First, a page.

Md Raus Sharif continuing to be Federal Court judge and Chief Justice when being challenged in court

 

MADPET is also shocked that Chief Justice Md Raus Sharif chaired this Federal Court 5-judge panel who heard and decided on this appeal. The validity of CJ Md Raus Sharif continuing to be a Federal Court Judge and Chief Justice past 3/8/2017, the day his term in office came to an end when he achieved the age of 66 years and 6 months is currently being challenged in court by amongst others, the Malaysian Bar, as being unconstitutional(Malay Mail, 17/10/2017).

 

As such, MADPET is of the view that he should have not sat in any panel of the Federal Court and decide on any cases until this matter is finally resolved by the courts. If the courts, later decides, that his extended appointment as Federal Court Judge and/or Chief Justice is unconstitutional, null and void, then all decisions of the Federal Court in which he was part of will reasonably be considered invalid.

 

MADPET is also of the opinion that when CJ Md Raus Sharif appointment was extended beyond his last date in office, was also a violation of the principle of security of tenure, which is a safeguard to guarantee independence of the judiciary. If the term of judges, can be extended beyond the fixed retirement age by the actions of the Prime Minister, the King and/or some other, the very intention behind the security of tenure principle is violated.

 

 

Lahad Datu Incursion 11/2/2013 – 11/3/2013

 

This Lahad Datu case is in connection with what happened in February-March 2013, when a group, comprising over a hundred people, who were allegedly followers of self-proclaimed Sultan of Sulu, Jamalul Kiram III entered Sabah allegedly on a mission to ‘reclaim’ part of Borneo as their ancestral land. The Lahad Datu situation reportedly saw a total of 68 deaths – 56 from the Sulu sultanate, nine from the Malaysian authorities and six civilians.(Astro Awani, 30/12/2013)

 

 

At the High Court in 2016, the court of first instance where the trial was conducted, Judge Stephen Chung, at the Kota Kinabalu High Court, after hearing the case, having the benefit of hearing the witnesses and considering the evidence elected to not sentence the 9 to death, but to life imprisonment.

 

 

‘…In his judgment, Chung said there was no evidence that the accused were directly involved in the skirmishes that occurred during the intrusion, nor was there proof that they had killed any member of the security force in cold blood or injured anybody. He noted that the key persons in the intrusion, such as Datu Agbimuddin Kiram and ‘General Musa’ were not brought to justice. “It is indeed an odious task to pass the appropriate sentence for the accused convicted under Section 121 of the Penal Code. “The offence had badly affected the lives of the residents of Kampung Tanduo and those who resided in the nearby villages, as well as the families of the deceased security personnel,” he said…’(Malaysian Digest/Bernama 26/7/2016). The said 9 persons were as such sentenced not to death, but to life imprisonment by the High Court.

 

 

It was also reported that the lawyer representing these accused persons that pleaded guilty also ‘told the court that his clients had been promised jobs and identity cards by their leader, General Musa, the chief of staff of Datu Agbimuddin Kiram who was a brother of the self-styled Sulu Sultan.’ (Star, 24/2/2016). It was also reported that ‘although they admitted to being members of a terror group known as the Royal Sulu Force (RSF), they were not involved in its militant activities. He said this was consistent with their statements recorded individually before a Sessions Court judge in Lahad Datu shortly after their arrests sometime in March 2013…’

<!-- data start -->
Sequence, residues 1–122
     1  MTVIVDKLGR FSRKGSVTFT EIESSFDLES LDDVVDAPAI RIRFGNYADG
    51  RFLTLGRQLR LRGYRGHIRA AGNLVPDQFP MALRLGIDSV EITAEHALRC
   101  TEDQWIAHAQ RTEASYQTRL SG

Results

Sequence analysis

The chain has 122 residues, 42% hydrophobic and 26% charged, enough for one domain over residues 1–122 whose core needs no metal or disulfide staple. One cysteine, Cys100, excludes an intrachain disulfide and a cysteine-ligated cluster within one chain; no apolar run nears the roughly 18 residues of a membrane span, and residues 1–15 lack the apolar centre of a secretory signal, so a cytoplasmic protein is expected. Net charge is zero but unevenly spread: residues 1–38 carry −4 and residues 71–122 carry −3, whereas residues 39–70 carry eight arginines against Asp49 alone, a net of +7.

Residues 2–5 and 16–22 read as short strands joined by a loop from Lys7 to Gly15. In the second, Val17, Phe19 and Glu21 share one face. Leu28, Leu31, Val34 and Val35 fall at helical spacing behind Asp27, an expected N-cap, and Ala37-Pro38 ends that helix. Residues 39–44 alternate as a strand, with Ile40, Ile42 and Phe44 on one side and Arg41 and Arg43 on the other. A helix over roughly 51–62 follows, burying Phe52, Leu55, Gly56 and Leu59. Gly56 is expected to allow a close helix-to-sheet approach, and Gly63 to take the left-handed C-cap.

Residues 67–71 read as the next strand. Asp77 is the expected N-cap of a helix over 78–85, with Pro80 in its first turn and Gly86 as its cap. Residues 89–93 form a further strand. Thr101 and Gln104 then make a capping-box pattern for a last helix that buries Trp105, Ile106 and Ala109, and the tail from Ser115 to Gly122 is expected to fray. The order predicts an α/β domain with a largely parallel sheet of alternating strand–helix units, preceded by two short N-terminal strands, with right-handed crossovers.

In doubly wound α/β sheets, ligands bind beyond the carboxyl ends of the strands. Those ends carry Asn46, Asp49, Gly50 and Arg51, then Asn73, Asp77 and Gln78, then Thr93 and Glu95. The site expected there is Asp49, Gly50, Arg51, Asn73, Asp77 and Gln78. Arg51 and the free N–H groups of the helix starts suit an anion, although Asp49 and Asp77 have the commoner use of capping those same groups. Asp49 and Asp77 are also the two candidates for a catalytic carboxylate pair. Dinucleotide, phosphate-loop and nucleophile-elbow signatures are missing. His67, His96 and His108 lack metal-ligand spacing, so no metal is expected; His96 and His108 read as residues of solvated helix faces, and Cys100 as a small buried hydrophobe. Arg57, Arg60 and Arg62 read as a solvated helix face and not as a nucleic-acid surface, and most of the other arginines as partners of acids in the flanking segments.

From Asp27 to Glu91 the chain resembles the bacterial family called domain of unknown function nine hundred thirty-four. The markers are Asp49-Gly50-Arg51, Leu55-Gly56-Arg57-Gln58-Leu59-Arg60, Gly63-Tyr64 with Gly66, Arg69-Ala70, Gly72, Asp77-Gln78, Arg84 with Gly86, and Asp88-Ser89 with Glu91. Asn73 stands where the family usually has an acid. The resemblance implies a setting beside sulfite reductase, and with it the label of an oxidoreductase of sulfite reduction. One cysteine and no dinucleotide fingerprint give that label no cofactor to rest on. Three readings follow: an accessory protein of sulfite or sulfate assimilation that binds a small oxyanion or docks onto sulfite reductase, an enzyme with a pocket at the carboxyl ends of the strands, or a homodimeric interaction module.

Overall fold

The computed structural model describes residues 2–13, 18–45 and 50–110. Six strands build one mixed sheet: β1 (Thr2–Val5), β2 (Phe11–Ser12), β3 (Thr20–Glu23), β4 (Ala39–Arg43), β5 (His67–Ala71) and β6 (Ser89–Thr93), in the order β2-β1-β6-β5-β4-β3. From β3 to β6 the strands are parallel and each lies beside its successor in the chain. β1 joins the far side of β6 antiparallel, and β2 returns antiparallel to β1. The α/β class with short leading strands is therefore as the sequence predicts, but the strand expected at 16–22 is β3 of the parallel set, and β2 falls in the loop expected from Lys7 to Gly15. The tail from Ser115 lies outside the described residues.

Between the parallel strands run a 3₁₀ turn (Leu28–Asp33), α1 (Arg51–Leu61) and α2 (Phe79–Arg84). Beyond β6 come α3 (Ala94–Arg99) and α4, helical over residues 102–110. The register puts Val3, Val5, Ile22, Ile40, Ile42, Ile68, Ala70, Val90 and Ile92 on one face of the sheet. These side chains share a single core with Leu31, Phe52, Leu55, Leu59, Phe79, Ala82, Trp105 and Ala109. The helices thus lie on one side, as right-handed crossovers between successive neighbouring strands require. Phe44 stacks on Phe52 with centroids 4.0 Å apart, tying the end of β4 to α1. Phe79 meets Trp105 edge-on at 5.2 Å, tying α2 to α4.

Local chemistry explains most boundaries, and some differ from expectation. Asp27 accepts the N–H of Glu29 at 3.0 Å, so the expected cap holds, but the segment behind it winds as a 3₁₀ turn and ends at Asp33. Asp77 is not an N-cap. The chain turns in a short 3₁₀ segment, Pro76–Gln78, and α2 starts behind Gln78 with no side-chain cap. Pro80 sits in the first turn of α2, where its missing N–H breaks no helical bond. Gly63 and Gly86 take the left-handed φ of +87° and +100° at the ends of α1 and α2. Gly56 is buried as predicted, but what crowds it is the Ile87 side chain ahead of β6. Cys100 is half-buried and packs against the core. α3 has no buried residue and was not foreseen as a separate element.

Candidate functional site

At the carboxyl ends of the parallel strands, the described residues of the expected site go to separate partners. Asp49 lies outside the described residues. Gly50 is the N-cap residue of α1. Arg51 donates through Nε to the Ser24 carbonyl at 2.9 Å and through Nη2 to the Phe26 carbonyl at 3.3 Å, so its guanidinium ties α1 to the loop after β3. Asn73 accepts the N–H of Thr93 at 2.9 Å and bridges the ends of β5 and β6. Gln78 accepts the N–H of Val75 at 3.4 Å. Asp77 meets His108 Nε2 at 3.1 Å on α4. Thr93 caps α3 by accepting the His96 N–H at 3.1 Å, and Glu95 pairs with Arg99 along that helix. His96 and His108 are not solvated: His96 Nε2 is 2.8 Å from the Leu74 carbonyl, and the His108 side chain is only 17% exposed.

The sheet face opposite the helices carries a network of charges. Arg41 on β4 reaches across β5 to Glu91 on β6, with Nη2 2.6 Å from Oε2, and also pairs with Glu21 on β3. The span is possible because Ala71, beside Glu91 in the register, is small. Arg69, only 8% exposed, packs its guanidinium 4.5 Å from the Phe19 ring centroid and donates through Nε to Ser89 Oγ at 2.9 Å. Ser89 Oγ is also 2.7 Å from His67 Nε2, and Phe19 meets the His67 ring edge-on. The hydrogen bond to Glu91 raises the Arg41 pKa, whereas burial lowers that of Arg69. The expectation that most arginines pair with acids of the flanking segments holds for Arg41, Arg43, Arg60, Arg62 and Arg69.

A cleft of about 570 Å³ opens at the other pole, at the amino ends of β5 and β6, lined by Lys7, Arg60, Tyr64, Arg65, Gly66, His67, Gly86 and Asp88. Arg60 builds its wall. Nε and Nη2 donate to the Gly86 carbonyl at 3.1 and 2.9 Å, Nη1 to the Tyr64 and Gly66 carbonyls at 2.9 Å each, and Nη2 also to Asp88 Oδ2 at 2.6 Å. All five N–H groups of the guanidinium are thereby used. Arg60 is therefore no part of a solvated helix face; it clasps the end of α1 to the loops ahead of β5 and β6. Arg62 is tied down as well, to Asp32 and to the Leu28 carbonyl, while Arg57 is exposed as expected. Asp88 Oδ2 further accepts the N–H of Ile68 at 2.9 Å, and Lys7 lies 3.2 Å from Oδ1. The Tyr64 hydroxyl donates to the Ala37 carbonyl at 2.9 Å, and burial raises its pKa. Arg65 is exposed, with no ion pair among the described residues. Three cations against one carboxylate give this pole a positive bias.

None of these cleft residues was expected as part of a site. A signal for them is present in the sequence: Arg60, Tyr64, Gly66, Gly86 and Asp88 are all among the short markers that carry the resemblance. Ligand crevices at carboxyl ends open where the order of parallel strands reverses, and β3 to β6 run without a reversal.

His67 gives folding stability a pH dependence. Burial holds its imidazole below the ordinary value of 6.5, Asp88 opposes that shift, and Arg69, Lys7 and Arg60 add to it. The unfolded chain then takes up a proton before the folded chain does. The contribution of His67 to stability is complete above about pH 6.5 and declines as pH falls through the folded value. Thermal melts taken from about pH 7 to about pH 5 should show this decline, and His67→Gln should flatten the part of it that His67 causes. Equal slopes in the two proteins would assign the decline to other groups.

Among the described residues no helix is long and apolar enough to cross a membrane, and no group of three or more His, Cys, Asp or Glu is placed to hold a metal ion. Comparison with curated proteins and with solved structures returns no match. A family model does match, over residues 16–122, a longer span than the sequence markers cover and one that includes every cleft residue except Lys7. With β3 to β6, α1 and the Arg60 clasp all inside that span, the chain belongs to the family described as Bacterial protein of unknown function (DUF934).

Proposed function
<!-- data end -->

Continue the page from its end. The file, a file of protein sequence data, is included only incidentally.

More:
As such, MADPET is of the opinion that these 9 persons were certainly not deserving of the death penalty.

 

 

‘Prisoner of War’ or ordinary criminals?

 

 

Further, a perusal of the history and background of the whole conflict, as reported in the media, questions arise as to whether this should have been considered to be a ‘war’, and, if so, whether it is proper in such cases to sentence ‘prisoners of war’ to death.

 

 

This seems to be not a simple case of a group of criminals ‘waging war against the Yang di-Pertuan Agong (the King)’. It was reported also that the reason for the incursion was for the purpose of ‘reclaiming’ part of Borneo as their ancestral land, that they claimed belonged to the Sulu Sultanate that was ‘….seized by the British from their government.. ‘. It was also reported in the media that Malaysia had been paying annual sums to the heirs of the Sultan of Sulu, which was considered by them as ‘rent’.(Astro Awani, 30/12/2013). Determining finally the very nature of that intrusion that lasted about a month(11/2/2013 – 11/3/2013), is material in determining whether the arrested(or the captured) were prisoners of war or simple criminals.

 

 

As such, MADPET urges that a moratorium on execution be imposed for these 9 persons, and that it be best that their death sentence be commuted to imprisonment;

 

MADPET also urges that the Sabah dispute concerning the Sulu Sultanate and Malaysia be finally resolved;

 

MADPET also calls on Chief Justice Md Raus Sharif to not be part of any Federal Court panel deciding on any cases, especially death penalty cases, until the question of the validity of his position as Federal Court Judge and Chief Justice beyond 3/8/2017 is finally resolved;

 

MADPET reiterates the call for Malaysia to impose a moratorium on all executions, commute all death sentences and abolish the death penalty in Malaysia.